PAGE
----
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T-Mobile US and SpaceX Starlink Are Bringing Satellite Phones Back

T Mobile and SpaceX to bring satellite phones back

T-Mobile and SpaceX are bringing back satellite phones… sorta. The telecom and space giants have partnered on an initiative to deliver low-bandwidth service to dead zones across the U.S.

The new mid-band coverage will bring protected land, national parks, large swaths of ocean, rural areas without reliable coverage, and any place with “a clear view of the sky” into the cellular era. It will also provide a form of insurance in emergency situations, namely for hurricanes or other disasters which are notorious for taking out cellular operations. 

So-called “Zero-G coverage” means that T-Mobile users in the most remote parts of the U.S. will be able to make calls and send texts. T-Mobile US hopes to scale the satellite coverage beyond the U.S., calling on foreign network operators to partner with SpaceX to offer reciprocal roaming.

The beta rollout of the ambitious product is expected to take place by the end of 2023, but will require Elon Musk’s SpaceX to build and launch a second-generation version of their Starlink satellites. It is expected that these satellites will need to be launched on SpaceX’s new and unproven Starship spacecraft, which has been doing high-altitude flight tests in South Texas for the last two years.

Later this year, Starship Super Heavy is expected to have its first test flight – and its success would mean big things for the T-Mobile and SpaceX partnership. Once Starship launches, the thousands of Starlink satellites required to offer the promised “2 to 4 megabits of data” per cell area would likely follow promptly.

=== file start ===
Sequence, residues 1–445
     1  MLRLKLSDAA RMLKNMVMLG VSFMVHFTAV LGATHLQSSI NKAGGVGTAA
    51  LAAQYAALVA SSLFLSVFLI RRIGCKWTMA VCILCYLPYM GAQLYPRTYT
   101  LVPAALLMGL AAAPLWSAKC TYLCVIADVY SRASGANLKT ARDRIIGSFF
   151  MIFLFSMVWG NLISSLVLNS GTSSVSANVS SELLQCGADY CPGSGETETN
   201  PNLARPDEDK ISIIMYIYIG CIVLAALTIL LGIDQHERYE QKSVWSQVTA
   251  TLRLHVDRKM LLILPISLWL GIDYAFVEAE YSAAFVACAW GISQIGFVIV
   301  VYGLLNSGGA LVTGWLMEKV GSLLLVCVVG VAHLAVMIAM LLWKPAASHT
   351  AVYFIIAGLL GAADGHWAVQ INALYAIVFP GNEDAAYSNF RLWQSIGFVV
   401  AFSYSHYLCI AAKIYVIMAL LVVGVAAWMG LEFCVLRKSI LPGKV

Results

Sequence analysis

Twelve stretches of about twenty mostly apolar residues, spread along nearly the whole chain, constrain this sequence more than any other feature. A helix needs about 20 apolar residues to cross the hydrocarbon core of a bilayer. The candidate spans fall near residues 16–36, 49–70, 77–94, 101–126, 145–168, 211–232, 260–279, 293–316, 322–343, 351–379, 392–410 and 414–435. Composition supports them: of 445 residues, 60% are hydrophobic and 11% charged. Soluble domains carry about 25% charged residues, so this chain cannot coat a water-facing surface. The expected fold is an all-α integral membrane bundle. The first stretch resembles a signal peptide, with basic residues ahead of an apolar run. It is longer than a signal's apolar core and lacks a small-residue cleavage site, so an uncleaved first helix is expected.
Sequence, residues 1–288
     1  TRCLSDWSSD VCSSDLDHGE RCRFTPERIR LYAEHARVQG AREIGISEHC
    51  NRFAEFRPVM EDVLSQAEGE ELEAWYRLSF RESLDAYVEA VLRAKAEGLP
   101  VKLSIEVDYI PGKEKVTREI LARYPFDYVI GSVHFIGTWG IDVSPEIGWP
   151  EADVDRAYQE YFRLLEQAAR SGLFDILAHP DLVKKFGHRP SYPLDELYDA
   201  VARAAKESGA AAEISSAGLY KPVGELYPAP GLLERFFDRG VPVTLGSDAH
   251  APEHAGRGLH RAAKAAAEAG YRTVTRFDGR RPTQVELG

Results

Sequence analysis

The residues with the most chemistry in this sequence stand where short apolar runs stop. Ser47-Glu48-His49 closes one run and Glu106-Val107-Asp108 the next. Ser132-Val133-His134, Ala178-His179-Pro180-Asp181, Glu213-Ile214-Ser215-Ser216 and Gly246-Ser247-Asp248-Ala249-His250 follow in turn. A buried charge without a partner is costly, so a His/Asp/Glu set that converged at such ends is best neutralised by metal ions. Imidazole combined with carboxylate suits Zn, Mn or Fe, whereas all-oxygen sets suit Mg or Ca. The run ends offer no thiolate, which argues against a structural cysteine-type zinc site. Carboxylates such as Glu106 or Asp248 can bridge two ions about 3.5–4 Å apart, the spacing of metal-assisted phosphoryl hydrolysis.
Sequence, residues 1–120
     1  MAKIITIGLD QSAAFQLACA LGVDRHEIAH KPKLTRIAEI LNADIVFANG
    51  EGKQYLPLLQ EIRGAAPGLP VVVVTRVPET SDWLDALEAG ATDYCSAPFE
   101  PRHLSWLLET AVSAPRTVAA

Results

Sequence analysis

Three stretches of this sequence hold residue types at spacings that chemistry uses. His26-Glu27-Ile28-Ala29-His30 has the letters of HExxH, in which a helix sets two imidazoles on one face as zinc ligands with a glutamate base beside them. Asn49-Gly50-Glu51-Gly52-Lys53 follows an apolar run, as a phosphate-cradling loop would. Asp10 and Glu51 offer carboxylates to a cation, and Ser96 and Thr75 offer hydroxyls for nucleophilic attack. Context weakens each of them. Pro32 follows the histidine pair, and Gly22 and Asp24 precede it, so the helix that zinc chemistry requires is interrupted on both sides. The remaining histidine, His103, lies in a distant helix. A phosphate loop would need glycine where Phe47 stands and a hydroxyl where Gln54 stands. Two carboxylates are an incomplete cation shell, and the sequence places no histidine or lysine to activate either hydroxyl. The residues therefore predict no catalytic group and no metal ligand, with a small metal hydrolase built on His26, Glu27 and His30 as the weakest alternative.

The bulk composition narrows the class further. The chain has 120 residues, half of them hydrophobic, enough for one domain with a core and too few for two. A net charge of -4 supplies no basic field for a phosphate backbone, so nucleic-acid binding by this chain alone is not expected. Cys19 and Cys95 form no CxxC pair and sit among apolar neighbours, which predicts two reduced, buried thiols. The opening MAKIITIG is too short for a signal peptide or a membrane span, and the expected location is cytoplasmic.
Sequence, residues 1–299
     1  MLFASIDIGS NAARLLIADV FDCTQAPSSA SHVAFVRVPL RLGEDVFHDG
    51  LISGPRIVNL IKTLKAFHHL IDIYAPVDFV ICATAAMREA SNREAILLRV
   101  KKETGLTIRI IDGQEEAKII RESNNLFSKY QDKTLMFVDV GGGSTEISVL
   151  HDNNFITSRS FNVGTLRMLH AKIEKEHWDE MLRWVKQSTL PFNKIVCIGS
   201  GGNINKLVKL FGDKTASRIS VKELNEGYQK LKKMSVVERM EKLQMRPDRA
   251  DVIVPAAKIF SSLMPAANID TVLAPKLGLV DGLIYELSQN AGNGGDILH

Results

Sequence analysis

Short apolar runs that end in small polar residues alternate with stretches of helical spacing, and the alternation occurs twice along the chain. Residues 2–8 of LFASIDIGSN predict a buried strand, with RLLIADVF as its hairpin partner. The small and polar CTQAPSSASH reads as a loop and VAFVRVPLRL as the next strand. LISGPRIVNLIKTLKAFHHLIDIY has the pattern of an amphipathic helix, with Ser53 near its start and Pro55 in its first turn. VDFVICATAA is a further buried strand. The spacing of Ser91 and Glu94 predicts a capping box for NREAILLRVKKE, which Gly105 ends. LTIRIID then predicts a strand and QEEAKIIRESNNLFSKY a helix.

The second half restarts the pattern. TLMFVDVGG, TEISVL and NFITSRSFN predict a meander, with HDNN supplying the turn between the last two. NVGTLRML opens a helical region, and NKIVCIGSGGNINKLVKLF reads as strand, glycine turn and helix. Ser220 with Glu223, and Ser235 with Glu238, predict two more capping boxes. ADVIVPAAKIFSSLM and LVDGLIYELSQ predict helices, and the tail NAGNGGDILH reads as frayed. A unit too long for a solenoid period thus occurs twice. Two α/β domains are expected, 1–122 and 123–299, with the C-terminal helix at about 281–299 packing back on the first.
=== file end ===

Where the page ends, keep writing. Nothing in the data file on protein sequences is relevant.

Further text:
SpaceX, which is privately-owned, is one of the world’s most valuable companies because of its launch and space operations. Its wholly-owned subsidiary, Starlink, is expected to test an IPO in the future after becoming cash flow positive. The company already offers broadband internet from 2,800 satellites in low Earth orbit, which generates an estimated $500 million a year already. This partnership, and subsequent ones, would give SpaceX a push to that positive place.

T-Mobile US, a subsidiary of Deutsche Telekom, is traded on the Nasdaq. The $180 billion Washington-based telecom giant acquired Sprint in a $26 billion deal, creating what the company calls “the leader in 5G.” If its representation is accurate, T-Mobile US will be the first major telecom to offer satellite communications on modern digital phones without adapters or add-on plans. The company generated $68.4 billion in revenue last year, of which they took home $3.47 billion in net income.

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